Protecting Our Own
If, however, you define neighborliness as living next door to someone, I’m pretty sure I don’t want to be everyone’s neighbor. Some people lie, cheat, rape, and betray their friends. Others are loud, crass, and stink up the place with chemicals or garbage. I don’t want that near me. I want to feel safe and comfortable, with my children protected.
As I walked past the golf course the other day, I stopped to watch a hawk drift to the grass in front of a pond. As it hopped toward the water to drank, a shrieking crow dive-bombed it. Over and over the crow swooped, streaking past near the raptor’s head. In that moment, the hawk seemed like the underdog, the one who deserved my sympathy. I supposed hawks get used to being harassed, but I can’t imagine it’s pleasant. Besides, it’s not as if the hawk can help what it is. How else can the creature survive but by hunting those who are weaker than he? Yet who would want a neighbor who might, at any moment, crash into her home and steal away her baby? Not everyone is welcome.
Yet not everyone who looks to us like a hawk is our enemy. In sports, for instance, we root for one team against another. Last week, the Portland Trail Blazers lost three games out of three. My husband, who growled in frustration through their third failure, nonetheless expressed appreciation for the other team’s strategy. Even our enemies are human, and sometimes they’re pretty decent.
Threats that Don’t Materialize
Like hawks and crows, we can get lost in a desperate battle to save our families from everything that might possibly hurt them. Often the threats we fear most never materialize. The people we vilify turn out not to be the dangerous ones. It’s so easy for charismatic leaders to convince us that an enemy lies outside us, that immigrants or women or blacks or Muslims are the problem. Then, in exchange for an illusion of safety, we let those leaders dismantle freedoms we take for granted. At such a time as this, we may find our children are threatened for real.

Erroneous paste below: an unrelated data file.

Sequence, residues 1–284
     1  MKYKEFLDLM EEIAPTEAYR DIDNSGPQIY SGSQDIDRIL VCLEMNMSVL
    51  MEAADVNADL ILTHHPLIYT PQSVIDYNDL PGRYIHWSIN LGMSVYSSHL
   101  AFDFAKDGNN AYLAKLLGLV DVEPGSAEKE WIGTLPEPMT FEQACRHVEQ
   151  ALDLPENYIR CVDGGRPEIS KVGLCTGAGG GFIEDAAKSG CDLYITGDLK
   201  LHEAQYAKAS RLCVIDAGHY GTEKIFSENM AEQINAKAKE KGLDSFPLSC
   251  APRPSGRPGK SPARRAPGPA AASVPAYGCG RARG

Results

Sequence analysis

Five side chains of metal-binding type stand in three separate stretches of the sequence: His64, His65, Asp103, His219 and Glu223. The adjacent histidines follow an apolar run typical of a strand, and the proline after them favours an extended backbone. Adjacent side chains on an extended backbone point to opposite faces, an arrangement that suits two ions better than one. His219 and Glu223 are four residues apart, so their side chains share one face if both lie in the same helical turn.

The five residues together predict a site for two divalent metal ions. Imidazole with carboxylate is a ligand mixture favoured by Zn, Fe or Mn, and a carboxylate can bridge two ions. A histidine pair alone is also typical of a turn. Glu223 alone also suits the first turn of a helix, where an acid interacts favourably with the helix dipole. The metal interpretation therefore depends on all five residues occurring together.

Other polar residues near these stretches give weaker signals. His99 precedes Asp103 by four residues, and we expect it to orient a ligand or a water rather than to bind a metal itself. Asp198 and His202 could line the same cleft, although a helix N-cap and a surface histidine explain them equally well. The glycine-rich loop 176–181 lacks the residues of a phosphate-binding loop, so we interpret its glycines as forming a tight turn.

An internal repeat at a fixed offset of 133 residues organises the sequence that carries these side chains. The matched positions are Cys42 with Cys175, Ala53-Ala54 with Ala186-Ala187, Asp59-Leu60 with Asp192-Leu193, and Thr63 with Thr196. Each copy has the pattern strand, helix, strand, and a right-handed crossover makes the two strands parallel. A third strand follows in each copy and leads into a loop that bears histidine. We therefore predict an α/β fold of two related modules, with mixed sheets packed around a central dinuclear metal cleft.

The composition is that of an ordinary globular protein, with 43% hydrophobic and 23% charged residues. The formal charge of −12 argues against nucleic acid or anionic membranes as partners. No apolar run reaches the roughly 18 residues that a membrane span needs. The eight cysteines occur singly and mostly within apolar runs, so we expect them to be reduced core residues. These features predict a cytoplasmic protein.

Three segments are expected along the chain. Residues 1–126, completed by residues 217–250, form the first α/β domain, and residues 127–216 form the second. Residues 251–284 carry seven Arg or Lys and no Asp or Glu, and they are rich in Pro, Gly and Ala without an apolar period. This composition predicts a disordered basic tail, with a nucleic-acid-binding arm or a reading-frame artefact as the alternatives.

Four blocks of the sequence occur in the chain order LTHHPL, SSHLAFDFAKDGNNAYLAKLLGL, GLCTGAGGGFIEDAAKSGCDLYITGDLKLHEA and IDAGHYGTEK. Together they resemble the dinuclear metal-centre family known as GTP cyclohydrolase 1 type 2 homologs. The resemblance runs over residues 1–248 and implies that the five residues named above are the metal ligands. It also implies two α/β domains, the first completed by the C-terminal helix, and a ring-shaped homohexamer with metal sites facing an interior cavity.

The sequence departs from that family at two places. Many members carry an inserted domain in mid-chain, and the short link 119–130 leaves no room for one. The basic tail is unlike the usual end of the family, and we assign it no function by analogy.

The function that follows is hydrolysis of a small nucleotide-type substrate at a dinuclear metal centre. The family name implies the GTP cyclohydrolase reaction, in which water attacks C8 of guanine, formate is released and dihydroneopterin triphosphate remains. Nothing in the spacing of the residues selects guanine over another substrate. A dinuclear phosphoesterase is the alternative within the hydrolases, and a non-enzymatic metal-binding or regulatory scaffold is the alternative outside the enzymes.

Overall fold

Memorial Day is a day to remember those who fought for human rights, dignity, and liberty. It’s a day to remember we must be diligent and courageous. We must join the battle to live as neighbors. Our democracy is imperfect. It has been so ever since the Puritans, as humanly flawed as the rest of us, forced their way onto a land they had no right to claim. Sometimes the arc of our laws leans toward justice. These days, it seems, it is leaning more toward totalitarianism.
Roger Cohen, in an opinion column for The New York Times, speaks of “insidious domination through the evisceration of independent checks and balances.”  In other words, as fervent right-wing governments around the world take over the police, media, and court systems, their capacity to dominate and control others overwhelms the capacity of rational thinkers to stop them. Our sound bites just aren’t as appealing. For instance, as Cohen points out, the European Union brought peace and stability to the West. He calls it a “miracle.” Yet, he adds, “no miracle ever marketed itself so badly.” 
A Memorial to a World Without War
How we speak the truth in a climate of obfuscation and lies is important. Marketing matters. Finding our voice matters. How do we spread love in a time when love is seen as weakness? I don’t have the answers, but I do know that if we get caught up in the battle, we will lose. We will become the ones we fear.
I don’t have to be friends with those who live on my block, yet I can learn to co-exist. I don’t have to like people to love them or welcome them into community. As Fred Rogers told us over and over again, we are neighbors. We can learn to be glad to have one another living nearby, standing at our side.
If we fail in this, our democracy will also fail. It’s a scary time, but it’s not the end of times. There is something in our country, and in our world, worth defending. On this Memorial Day, let’s remember that. And let’s remember that the best way to defend liberty is to defend peace. We do that by creating peace within our own hearts, our own families, our own neighborhoods. If we do, we may yet see peace in our world. Then Memorial Day will no longer be about war.
In faith and fondness,
- Lazarus, Emma, 1883, https://en.wikipedia.org/wiki/The_New_Colossus.
- Bouie, Jamelle, “Anti-Abortion and Pro-Trump Are Two Sides of the Same Coin,” Opinion, The New York Times, May 21, 2019, A22.
- Vowell, Sarah, The Wordy Shipmates, New York: Riverhead Books, 2008, 35.
- Cohen, Roger, “Steve Bannon Is a Fan of Italy’s Donald Trump,” Sunday Review, The New York Times, May 19, 2019, 1 and 4, 4.
Copyright © 2019 Barbara E. Stevens All Rights Reserved